The record shows that petitioner was represented by counsel only for the purpose of arraignment and at no other stage of the proceedings. Thus, in clear violation of the express mandate of article I, section 8 of the California Constitution and of Penal Code, section 858, petitioner was not informed of his right to counsel when first brought before the magistrate. Moreover, the trial court did not inform him of his right to counsel at the time it accepted his plea of guilty, or even ask him if he waived the right to counsel or if he no longer wished counsel as requested at the time of arraignment. Nor did the court inform him of the possible maximum penalty or of the possibility of there being different degrees of the crime charged. Petitioner, an illiterate farm laborer without previous encounters with the law or experience in the intricacies of criminal procedure, could hardly be expected to comprehend the possible offenses and various punishments involved in this homicide or to know how to weigh, let alone present, the defenses available thereto. The elements of murder and manslaughter, the distinctions between first and second degree murder and the principles governing defenses to charges of such crimes are often difficult even for experienced judges and skilled practitioners to apply. "The right to be heard would be, in many cases, of little avail if it did not comprehend the right to be heard by counsel. Even the intelligent and educated layman has small and sometimes no skill in the science of law. If charged with crime, he is incapable, generally, of determining for himself whether the indictment is good or bad. He is unfamiliar with the rules of evidence. Left without the aid of counsel he may be put on trial without a proper charge, and convicted upon incompetent evidence, or evidence irrelevant to the issue or otherwise inadmissible. He lacks both the skill and knowledge adequately to prepare his defense, even though he have a perfect one. He requires the guiding hand of counsel at every step in the proceedings against him. Without it, though he be not guilty, he faces the danger of conviction because he does not know how to establish his innocence. If that be true of men of intelligence, how much more true is it of the ignorant and illiterate, or those of feeble intellect." (Mr. Justice Sutherland in Powell v. Alabama, 287 U.S. 45, 68-69 [53 S.Ct. 55, 77 L.Ed. 158, 84 A.L.R. 527].)
The record in this case is eloquent proof of the wisdom of the observation that "the guiding hand of counsel is needed lest the unwary concede that which only bewilderment or ignorance could justify or pay a penalty which is greater than the law of the State exacts for the offense which they in fact and in law committed." ( Tomkins v. State of Missouri, 323 U.S. 485, 488 [65 S.Ct. 370, 89 L.Ed. 407].) Not only the record, but even Gibbs' statement to the court, indicates that the crime was less than murder in the first degree. It is difficult to believe that a lawyer representing petitioner would have advised petitioner to plead guilty to murder or permitted Gibbs' statement to go unchallenged.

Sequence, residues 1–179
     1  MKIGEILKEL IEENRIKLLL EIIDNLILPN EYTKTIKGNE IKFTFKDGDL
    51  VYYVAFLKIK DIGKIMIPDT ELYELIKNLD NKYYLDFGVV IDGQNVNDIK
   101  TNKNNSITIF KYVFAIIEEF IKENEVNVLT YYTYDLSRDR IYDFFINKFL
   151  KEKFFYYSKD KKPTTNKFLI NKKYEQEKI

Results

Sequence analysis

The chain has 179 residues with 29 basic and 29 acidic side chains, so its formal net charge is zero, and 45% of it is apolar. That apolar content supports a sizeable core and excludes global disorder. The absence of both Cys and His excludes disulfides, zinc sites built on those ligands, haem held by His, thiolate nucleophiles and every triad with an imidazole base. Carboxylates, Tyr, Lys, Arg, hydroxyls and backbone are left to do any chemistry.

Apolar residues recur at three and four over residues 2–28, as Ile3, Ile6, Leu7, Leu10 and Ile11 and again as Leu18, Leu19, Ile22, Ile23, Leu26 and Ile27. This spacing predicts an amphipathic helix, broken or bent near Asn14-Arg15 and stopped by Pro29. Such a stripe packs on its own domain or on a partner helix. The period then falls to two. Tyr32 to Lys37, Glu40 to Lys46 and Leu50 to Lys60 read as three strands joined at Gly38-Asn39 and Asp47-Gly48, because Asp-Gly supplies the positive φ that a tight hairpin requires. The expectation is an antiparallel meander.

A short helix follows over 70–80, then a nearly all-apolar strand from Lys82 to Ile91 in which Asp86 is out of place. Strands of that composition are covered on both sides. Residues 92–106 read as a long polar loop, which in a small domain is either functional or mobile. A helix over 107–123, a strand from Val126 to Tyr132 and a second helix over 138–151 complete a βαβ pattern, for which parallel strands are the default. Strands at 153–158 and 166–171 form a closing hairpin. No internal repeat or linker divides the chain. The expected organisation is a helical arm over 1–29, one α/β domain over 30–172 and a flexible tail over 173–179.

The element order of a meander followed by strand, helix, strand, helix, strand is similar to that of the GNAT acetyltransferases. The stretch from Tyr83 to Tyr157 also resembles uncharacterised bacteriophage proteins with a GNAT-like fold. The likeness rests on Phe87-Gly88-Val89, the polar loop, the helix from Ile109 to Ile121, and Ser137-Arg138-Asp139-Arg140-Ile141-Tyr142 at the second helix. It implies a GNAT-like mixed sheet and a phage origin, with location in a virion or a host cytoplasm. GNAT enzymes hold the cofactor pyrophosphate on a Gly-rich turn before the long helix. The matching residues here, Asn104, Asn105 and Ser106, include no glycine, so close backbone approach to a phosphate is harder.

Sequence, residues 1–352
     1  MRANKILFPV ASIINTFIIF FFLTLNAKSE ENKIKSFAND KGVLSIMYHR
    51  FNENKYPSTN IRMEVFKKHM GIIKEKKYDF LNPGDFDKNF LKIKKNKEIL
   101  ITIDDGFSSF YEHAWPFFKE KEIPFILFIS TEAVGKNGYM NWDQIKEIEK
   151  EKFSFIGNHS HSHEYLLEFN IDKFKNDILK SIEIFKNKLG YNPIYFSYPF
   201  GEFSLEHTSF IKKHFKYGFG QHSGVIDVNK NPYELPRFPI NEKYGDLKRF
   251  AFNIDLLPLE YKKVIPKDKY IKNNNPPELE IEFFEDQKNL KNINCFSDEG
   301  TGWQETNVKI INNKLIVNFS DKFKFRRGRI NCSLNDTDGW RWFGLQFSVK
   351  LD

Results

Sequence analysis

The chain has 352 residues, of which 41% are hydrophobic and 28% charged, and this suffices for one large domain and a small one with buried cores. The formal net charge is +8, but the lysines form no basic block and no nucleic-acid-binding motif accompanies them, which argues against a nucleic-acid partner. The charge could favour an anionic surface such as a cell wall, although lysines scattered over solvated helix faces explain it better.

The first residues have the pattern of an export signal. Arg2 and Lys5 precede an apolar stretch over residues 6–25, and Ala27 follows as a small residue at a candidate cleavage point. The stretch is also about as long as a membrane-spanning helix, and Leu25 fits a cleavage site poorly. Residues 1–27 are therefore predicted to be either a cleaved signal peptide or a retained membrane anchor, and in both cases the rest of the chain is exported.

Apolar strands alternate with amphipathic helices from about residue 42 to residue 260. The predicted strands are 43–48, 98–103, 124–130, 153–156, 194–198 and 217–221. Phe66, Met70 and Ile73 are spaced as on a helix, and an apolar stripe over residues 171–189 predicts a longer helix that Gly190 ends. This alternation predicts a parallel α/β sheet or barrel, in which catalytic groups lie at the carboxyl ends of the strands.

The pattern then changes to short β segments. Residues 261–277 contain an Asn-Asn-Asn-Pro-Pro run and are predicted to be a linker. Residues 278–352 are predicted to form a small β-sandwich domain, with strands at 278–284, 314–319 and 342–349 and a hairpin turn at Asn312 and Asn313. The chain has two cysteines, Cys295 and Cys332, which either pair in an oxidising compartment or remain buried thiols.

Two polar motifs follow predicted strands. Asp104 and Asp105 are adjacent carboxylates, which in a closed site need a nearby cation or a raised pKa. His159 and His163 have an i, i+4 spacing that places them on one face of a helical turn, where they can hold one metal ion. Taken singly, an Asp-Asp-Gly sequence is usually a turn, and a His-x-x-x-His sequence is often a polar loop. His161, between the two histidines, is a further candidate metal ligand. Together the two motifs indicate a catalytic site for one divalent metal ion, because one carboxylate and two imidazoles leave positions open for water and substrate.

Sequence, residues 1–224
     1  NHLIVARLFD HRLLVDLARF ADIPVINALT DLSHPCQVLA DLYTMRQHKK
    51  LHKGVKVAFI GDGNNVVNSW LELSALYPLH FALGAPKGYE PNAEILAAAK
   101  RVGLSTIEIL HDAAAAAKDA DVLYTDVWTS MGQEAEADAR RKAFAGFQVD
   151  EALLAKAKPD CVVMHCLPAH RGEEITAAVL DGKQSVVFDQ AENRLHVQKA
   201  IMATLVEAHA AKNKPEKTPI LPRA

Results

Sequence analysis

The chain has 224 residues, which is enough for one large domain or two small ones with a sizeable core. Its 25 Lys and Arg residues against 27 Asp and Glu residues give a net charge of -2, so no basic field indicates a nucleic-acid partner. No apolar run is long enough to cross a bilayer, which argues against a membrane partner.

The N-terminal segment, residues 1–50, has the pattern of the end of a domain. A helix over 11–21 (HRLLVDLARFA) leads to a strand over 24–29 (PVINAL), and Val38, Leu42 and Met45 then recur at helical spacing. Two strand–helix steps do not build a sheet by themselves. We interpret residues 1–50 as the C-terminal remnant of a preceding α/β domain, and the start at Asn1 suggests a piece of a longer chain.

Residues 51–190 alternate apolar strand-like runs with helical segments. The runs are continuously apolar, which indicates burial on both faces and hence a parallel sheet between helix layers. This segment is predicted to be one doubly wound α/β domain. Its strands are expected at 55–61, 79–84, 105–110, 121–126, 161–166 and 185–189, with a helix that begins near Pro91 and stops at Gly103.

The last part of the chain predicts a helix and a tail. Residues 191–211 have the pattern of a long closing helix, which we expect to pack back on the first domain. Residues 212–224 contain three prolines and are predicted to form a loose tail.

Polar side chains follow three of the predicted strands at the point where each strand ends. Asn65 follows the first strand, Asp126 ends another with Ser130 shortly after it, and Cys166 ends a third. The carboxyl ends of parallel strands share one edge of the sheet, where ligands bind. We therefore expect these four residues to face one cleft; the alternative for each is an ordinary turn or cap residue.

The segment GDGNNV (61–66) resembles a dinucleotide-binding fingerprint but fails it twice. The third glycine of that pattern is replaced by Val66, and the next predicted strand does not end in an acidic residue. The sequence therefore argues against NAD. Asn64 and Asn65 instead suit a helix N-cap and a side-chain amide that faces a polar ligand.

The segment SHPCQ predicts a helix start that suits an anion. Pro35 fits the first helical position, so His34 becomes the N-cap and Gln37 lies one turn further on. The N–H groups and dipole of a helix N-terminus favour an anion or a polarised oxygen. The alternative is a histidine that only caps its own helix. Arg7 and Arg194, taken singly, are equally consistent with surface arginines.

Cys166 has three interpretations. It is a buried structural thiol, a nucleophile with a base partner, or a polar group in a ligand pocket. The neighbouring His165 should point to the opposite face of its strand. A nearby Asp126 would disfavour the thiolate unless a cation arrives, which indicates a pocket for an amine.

When petitioner's plea of guilty was accepted by the trial court, the prosecution had yet to establish that he had a deliberate intent to kill when he struck Thomas. (Pen. Code, §§ 188, 189.) At no time did the court take any evidence for the purpose of determining the degree of the crime, as it was required to do (Pen. Code, § 1192; People v. Mendez, 27 Cal.2d 20, 23 [ 161 P.2d 929]; In re Hough, 24 Cal.2d 522, 534 [ 150 P.2d 448]; People v. Verdier, 96 Cal.App.2d 29 [ 214 P.2d 433]; In re Hammond, 24 Cal.App.2d 18 [ 74 P.2d 308]; People v. Hammond, 26 Cal.App.2d 145 [ 78 P.2d 1172]), but depended solely upon the opinion of the Assistant District Attorney that it was murder in the first degree. There is no evidence that this killing occurred during the commission of a felony, and the only evidence that might possibly indicate premeditation is that petitioner followed Thomas outside the canteen.
The attorney general, relying on In re Tedford, 31 Cal.2d 693 [ 192 P.2d 3], contends that by requesting to change his plea, petitioner impliedly waived his right to counsel and is therefore precluded from making his present contention that he was deprived of his constitutional rights. Unlike petitioner, however, Tedford did not request counsel, nor was he charged with a capital offense. The record showed that he was fully aware of the nature of the proceedings and had an intelligent conception of the consequences of his act. Under these circumstances it was held that a plea of guilty was sufficient to waive the right to counsel. ( In re Tedford, 31 Cal.2d 693, 695 [ 192 P.2d 3]; In re Jingles, 27 Cal.2d 496 [ 165 P.2d 12]; People v. Walker, 93 Cal.App.2d 54, 57 [ 208 P.2d 724].)